BRITAIN may have to wait for every single one of its European Union neighbours to give full legislative consent before it can fully benefit from any post-Brexit free trade deal, EU judges ruled on Tuesday.
In a verdict that may also delay and potentially obstruct a string of other EU trade pacts, the European Court of Justice (ECJ) said an agreement struck with Singapore in 2014 cannot take full effect until ratified by 33 national and regional parliaments across the 28-nation bloc.
The European Commission, which runs trade policy for the EU, had hoped Brussels might be free to implement deals without having to consult assemblies, such as that of Wallonia in Belgium that nearly wrecked an accord with Canada last year.
The EU’s last major trade deal to enter force, with South Korea, took five years to be ratified.
The Commission sought the ruling and said it clarified divisions between EU and national powers.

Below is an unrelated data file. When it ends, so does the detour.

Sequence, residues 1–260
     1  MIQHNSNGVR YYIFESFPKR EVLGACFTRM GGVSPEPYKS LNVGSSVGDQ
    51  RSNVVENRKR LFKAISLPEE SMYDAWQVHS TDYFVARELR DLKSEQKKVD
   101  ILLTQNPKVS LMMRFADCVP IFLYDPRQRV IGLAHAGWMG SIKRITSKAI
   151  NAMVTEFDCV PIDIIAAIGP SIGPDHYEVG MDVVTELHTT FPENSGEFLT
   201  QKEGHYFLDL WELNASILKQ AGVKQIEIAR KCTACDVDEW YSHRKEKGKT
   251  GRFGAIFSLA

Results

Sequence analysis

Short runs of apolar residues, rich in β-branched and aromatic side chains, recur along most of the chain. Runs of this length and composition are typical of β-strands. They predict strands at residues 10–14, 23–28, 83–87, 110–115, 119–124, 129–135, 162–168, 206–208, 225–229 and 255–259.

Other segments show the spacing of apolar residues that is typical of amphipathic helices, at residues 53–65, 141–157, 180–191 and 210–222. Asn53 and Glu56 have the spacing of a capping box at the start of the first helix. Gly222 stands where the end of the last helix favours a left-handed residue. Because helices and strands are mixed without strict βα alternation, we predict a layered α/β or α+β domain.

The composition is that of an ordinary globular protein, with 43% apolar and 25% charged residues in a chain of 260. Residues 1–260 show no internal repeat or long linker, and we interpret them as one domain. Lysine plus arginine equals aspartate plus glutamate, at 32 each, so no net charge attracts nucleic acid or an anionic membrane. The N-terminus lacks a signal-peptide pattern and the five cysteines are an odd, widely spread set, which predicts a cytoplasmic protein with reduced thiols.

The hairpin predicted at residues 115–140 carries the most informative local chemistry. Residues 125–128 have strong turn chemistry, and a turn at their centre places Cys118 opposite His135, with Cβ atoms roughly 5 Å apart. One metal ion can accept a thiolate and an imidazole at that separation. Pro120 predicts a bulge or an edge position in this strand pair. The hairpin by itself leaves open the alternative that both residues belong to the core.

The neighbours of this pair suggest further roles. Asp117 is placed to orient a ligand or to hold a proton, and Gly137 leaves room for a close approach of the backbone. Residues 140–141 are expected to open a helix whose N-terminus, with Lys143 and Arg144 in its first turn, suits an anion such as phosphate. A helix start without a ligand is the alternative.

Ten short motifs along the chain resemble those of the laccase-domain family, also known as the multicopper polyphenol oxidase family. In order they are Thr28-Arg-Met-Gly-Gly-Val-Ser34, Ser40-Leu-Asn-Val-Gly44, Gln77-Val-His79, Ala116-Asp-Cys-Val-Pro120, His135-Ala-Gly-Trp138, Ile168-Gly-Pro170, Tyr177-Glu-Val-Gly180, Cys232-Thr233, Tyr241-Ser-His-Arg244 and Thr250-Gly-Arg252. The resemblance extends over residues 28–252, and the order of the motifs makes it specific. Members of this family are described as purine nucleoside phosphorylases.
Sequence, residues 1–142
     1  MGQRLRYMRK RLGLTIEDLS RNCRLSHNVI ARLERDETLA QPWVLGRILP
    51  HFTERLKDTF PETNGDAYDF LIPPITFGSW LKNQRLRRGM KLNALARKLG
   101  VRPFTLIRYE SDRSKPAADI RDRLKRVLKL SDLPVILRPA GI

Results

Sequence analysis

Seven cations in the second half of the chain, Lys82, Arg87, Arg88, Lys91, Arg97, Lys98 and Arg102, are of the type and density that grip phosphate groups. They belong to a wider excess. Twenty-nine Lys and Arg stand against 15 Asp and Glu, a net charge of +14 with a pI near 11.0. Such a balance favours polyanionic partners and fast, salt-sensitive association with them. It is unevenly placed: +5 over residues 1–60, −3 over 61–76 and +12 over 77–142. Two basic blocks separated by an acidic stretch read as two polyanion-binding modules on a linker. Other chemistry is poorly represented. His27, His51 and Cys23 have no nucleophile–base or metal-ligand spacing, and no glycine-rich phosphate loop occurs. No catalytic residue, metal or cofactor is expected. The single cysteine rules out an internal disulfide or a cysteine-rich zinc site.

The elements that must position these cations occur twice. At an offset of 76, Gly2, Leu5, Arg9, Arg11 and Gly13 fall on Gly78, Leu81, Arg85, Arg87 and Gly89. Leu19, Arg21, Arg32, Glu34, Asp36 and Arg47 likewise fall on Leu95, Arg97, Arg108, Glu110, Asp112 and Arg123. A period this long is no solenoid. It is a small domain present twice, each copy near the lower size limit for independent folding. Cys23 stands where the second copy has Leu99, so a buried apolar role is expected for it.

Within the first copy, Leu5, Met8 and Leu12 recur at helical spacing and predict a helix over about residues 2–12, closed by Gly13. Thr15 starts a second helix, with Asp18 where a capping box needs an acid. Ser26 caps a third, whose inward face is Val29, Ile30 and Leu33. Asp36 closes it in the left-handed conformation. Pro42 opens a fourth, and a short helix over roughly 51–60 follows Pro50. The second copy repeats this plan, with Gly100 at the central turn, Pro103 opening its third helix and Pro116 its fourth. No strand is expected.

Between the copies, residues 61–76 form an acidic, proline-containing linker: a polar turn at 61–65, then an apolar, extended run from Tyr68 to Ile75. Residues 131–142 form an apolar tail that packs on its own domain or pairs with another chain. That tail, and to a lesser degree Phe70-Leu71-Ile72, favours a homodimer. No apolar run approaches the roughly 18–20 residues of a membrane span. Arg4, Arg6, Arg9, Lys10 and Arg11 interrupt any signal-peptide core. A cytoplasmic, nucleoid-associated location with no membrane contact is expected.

London wants a trade agreement to keep much of its current access to Europe’s single market once it quits the EU in March 2019. But Brussels negotiators have warned such deals can take a decade or more from start to finish.
Any trade pact with Britain would need to be signed off in Brussels by all 27 EU governments after Brexit, but the ECJ ruling implies that, depending on the deal, national parliaments would also get a veto. So would federal Belgium’s five regional assemblies, among them Wallonia and German-speaking East Belgium (population 77,000).